mlphare - maximum likelihood heavy atom refinement and phase calculation
mlphare hklin foo.mtz hklout foo_out.mtz
newparm foo_out.com [xyzout foo.brk]
This program will refine heavy atom parameters and error estimates, then use these refined parameters to generate phase information. The maximum number of heavy atoms which may be refined is 130 over a maximum of 20 derivatives. The program was originally written for MIR, but may also be used for phasing from MAD data, where the different wavelengths are interpreted as different "derivatives".
Beware: This program is fundamentally different from the old PHARE, even though some of the code looks familiar. The incorporation of the concepts of Maximum Likelihood means that the refinement of parameters is much more robust, and the generation of phases and figures of merit is more realistic. See NOTES ON USAGE.
Note: heavy atom parameters can also be refined in vector-space using the program VECREF.
Ref: Z.Otwinowski: Daresbury Study Weekend proceedings, 1991
Keywords are divided into two sets.
These keywords control the calculation. Compulsory keywords are:
LABIN CYCLE or PHASE LABOUT - essential if you wish to output an HKLOUT file. END - to designate the end of input; if more than one derivative is described, the keyword DERIV designates the end of input for the previous derivative.
Optional keywords are:
ANGLE, APPLY, CENTRIC, COORDS, EXCLUDE, SKIP, FHOUT, HLOUT, PRINT, RESOLUTION, SCALE, SCRIPT, THRESHOLD, TITLE
In addition, the following optional keywords control the data harvesting functionality:
PNAME, DNAME, PRIVATE, USECWD, RSIZE, NOHARVEST
These are repeated once for each derivative.
Compulsory keywords are:
ATOM, ATREF, DCYCLE, DERIVATIVE
Optional keywords are:
ANOERROR, EXCLUDE, ISOERROR, RESOLUTION, SCALE, WAVE
<ncycle> sets the number of cycles that the program will run (default 10). The first (<ncycle>-1) cycles are used for refinement of the heavy atom parameters and the error estimates. The phases for ALL reflections in the file to the outer resolution limit are calculated on the final cycle. Statistics may be collected for both the final cycle of refinement, and the phasing cycle.
<kcycle1> <kcycle2> ... are flags for externally calculated phases and need only be set if you want to use these. In general the refinement procedure works out the likely weighting of all possible protein phases sampled round the phase circle and uses this information to do a phased refinement. Any particular derivative contribution will be controlled by the parameters on the DCYCLE input line.
If you want to input phases calculated elsewhere and use them in refinement
for some cycles, list these cycle numbers here. E.g.:
CYCLE 10 2 3 5 7 9
would mean that 10 cycles will be run, 9 for refinement and a final phasing cycle, and that external phases would be used during refinement on cycles 2, 3, 5, 7 and 9. If these flags are set you must assign a column for PHIC, and for either WC or FC. See NOTES ON PHIC for details of how these are used. A contribution may be added to the phase likelihood calculated from derivatives to favour the external phase or it may be used alone.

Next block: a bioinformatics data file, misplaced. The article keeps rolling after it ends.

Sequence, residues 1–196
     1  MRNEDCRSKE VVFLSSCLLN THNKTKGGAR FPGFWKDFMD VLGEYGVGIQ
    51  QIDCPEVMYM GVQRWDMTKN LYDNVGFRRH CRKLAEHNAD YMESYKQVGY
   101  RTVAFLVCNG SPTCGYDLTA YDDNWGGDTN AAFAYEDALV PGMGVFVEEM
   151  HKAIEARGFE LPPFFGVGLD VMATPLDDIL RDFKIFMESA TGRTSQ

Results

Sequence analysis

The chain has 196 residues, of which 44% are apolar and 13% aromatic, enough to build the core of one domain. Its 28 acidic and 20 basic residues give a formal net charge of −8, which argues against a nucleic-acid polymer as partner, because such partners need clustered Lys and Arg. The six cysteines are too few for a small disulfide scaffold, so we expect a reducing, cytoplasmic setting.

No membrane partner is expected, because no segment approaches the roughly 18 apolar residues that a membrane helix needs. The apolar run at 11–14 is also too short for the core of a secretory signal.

This keyword signals that you ONLY want to calculate phases and not to do any refinement. It is equivalent to CYCLE 1. The phases for ALL reflections in the file to the outer resolution limit are calculated.
Associates the column labels that the program expects with column labels in the input file. The following <program label>s can be assigned:
FP SIGFP FPH1 SIGFPH1 DPH1 SIGDPH1 FPH2 SIGFPH2 DPH2 SIGDPH2 FPH3 SIGFPH3 DPH3 SIGDPH3 FPH4 SIGFPH4 DPH4 SIGDPH4 FPH5 SIGFPH5 DPH5 SIGDPH5 . . . FPH20 SIGFPH20 DPH20 SIGDPH20 FC PHIC WC F0 F1 F2 F3 ..F19
Then for each derivative (i=derivative number)
For externally calculated phases
F0 F1 .. Assignments for selected extra columns to be copied to the output file. NB F0, F1 etc should not be assigned if LABOUT ALLIN is also being used.
Assignments are required for FP, SIGFP, and at least one derivative (FPH1, SIGFPH1). The number of derivatives is deduced from the FPHi assignments.
If you wish to copy all columns from input to output file, specify ALLIN on the LABOUT line. If you wish to copy selected columns from input to output file, you may assign up to 19 columns, using F0 F1 ... F19
Associates column labels in the output file with labels used by the program.
Specifying ALLIN copies all input columns to output. NB if ALLIN is specified then LABIN F0=... F1=... etc should not be used.
The following extra labels can be assigned.
PHIB FOM HLA HLB HLC HLD FH1 PHIH1 FHA1 PHIHA1 FH2 PHIH2 FHA2 PHIHA2 ..... FH20 PHIH20 FHA20 PHIHA20
The following are copied from the input file if they have been assigned.
FC PHIC WC F0 F1 F2 F3 ..F11
If LABOUT is specified the program outputs a file assigned to HKLOUT containing at least H K L FP SIGFP PHIB FOM and other optional columns FOR ALL REFLECTIONS to the outer resolution cut off. IF LABOUT is NOT specified you get no output file.
For certain problems it is convenient to assign FP and FPHi to the same column.
<iangle> is the angle interval in degrees for calculation of the phase probability curve (default 10).
N.B.: The program speed is proportional to 360/<iangle>. ZO recommends <iangle>=20 except when the derivative has high phasing power, then <iangle>=10. EJD always uses <iangle>=10 - time is not so valuable...